Building and maintaining expertise in both open and endovascular surgical techniques will play an important role in training the next generation of surgeons in order to optimise outcomes in patients with aortic disease. This is among the messages to have emerged from the final day of CX Aortic Vienna 2021 (5–7 October, broadcast), in which speakers discussed training in aortic procedures, as well as the need for multidisciplinary teamwork between the cardiac and vascular surgery specialties.
Registrants can view the session on demand here.
Echoing polling results and discussion from day one of the symposium in which there was agreement over the importance of offering a choice between open and endovascular approaches for aortic conditions, speakers including Society of Thoracic Surgeons (STS) past president Joseph Bavaria (Philadelphia, USA), stressed the need to have multiple options open to patients with aortic disease.
Bavaria’s presentation zeroed-in on the importance of having a multidisciplinary thoracic aortic team, including collaboration across the boundaries of both vascular and cardiovascular surgery. The goal of this type of collaboration is to move towards an aortic centre,” Bavaria said, describing this as the multidisciplinary “holy grail”.
During discussion, he remarked: “The way this is going to end up, certainly in the large centres, is that we are going to be going to the aortic centre concept. That concept is a way of bringing everyone together to wrap around the aorta in a 360-degree fashion with a multidisciplinary approach, with people with different skillsets.”
Registrants can view Bavaria’s presentation on demand here.
Also speaking during the session, Eric Roselli (Cleveland, USA) presented a view on the future of training for surgeons who will specialise in the aorta. He commented that aortic disease “knows no boundaries” and offered the opinion that there is a need to “think smarter about how we offer care for this complex disease”.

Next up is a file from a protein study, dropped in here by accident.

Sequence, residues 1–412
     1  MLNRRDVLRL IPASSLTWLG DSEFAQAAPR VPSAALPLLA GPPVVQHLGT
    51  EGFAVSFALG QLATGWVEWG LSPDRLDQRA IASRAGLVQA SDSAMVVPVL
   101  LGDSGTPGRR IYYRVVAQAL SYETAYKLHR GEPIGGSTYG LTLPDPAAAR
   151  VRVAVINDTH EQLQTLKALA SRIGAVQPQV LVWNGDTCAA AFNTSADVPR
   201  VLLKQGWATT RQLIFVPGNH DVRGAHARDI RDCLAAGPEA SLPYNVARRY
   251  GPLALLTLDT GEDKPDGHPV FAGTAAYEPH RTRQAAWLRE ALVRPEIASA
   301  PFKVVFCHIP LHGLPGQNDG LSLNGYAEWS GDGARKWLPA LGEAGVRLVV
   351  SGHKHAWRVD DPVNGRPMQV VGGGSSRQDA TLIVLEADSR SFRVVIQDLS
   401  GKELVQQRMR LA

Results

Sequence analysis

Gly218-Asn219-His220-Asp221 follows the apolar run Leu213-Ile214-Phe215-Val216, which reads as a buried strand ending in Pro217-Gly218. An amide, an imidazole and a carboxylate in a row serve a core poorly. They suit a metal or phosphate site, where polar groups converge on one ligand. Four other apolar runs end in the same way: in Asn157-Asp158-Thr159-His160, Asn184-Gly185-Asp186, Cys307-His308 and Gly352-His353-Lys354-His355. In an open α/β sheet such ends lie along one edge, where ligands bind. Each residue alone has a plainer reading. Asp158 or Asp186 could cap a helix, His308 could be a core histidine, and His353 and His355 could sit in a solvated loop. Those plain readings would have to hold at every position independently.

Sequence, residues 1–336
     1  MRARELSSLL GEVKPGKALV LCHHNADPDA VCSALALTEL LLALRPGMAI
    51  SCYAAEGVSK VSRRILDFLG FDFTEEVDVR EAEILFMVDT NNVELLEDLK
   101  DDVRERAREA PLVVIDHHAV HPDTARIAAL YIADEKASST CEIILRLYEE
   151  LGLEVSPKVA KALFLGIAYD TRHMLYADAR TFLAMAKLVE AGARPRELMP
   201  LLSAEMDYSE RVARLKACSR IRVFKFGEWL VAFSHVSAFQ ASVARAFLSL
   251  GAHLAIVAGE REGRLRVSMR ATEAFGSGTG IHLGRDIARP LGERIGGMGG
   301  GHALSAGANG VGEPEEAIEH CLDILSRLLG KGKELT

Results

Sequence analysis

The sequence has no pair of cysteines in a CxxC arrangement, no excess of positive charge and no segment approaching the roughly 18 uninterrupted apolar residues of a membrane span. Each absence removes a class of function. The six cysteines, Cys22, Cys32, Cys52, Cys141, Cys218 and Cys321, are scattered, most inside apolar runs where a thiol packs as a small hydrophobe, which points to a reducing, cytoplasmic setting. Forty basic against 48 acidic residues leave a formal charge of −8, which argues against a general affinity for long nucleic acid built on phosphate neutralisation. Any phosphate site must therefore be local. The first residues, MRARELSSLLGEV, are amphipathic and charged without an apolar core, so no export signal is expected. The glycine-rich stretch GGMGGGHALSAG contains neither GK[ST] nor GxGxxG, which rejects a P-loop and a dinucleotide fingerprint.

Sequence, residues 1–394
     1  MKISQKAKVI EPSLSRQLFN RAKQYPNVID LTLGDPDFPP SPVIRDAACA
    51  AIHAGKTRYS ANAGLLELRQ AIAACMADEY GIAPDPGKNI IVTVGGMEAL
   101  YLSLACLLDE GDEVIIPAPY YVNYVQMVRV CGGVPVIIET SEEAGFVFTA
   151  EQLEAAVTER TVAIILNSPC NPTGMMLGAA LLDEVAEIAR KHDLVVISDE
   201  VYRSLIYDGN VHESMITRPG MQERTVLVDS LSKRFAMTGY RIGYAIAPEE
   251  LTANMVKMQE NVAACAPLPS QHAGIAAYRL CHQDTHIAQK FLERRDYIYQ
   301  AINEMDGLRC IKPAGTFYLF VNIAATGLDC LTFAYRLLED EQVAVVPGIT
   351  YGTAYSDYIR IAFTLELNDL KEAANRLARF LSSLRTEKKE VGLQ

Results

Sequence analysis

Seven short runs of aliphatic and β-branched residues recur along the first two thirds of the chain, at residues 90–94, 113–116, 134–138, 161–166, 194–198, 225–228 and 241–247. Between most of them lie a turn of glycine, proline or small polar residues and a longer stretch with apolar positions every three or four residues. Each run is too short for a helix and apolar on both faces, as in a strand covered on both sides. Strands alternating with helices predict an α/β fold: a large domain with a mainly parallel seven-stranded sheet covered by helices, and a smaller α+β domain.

Both open and endovascular approaches can be complimentary, he added, and said that the focus has to be on what the patients’ needs are, based around the details of aortic disease and the interplay of comorbidities.
Roselli added that aortic care requires a mixed skillset, combining both cognitive and technical attributes, and said that overlapping training programmes involving specialists from cardiology, vascular surgery, and cardiothoracic surgery are important components in the future landscape for aortic surgery training.
Registrants can view Roselli’s presentation on demand here.
Following the two opening presentations, the audience was asked to vote upon whether there is a desire to see multidisciplinary aortic teams. There was total support in favour of the multidisciplinary philosophy, with a 100% vote for the motion.
Later in the session Maani Hakimi (Lucern, Switzerland) offered a view on treatment of abdominal aortic aneurysm (AAA) from the perspective of a training centre for vascular and endovascular surgery. One of Hakimi’s key themes was the development of training over time, commenting that teaching has shifted from a mentoring-based system, more towards a centralised curriculum.
In particular, during discussion that took place following his presentation, Hakimi highlighted how travel difficulties, exacerbated by the pandemic, mean that there are more limited opportunities for trainees to visit high-performing centres to learn from experts in the field. “Our young trainees would like to go abroad,” he said, before adding that it is now more challenging for centres to permit such travel, even despite its importance for development. “It is very important to do these visits,” Hakimi commented, “even for myself, to exchange [ideas] and learn.”
Registrants can view Hakimi’s presentation on demand here.